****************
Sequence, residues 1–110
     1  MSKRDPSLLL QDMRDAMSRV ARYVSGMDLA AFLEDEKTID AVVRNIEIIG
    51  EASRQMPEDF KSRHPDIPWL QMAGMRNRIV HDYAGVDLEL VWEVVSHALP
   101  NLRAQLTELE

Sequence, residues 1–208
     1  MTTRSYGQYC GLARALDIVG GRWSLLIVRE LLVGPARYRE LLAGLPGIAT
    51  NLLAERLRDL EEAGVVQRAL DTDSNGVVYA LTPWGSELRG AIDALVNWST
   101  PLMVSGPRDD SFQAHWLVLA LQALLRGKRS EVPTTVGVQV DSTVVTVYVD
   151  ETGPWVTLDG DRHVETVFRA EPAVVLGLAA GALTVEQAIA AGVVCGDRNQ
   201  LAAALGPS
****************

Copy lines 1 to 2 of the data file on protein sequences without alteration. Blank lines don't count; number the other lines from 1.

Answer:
Sequence, residues 1–110
     1  MSKRDPSLLL QDMRDAMSRV ARYVSGMDLA AFLEDEKTID AVVRNIEIIG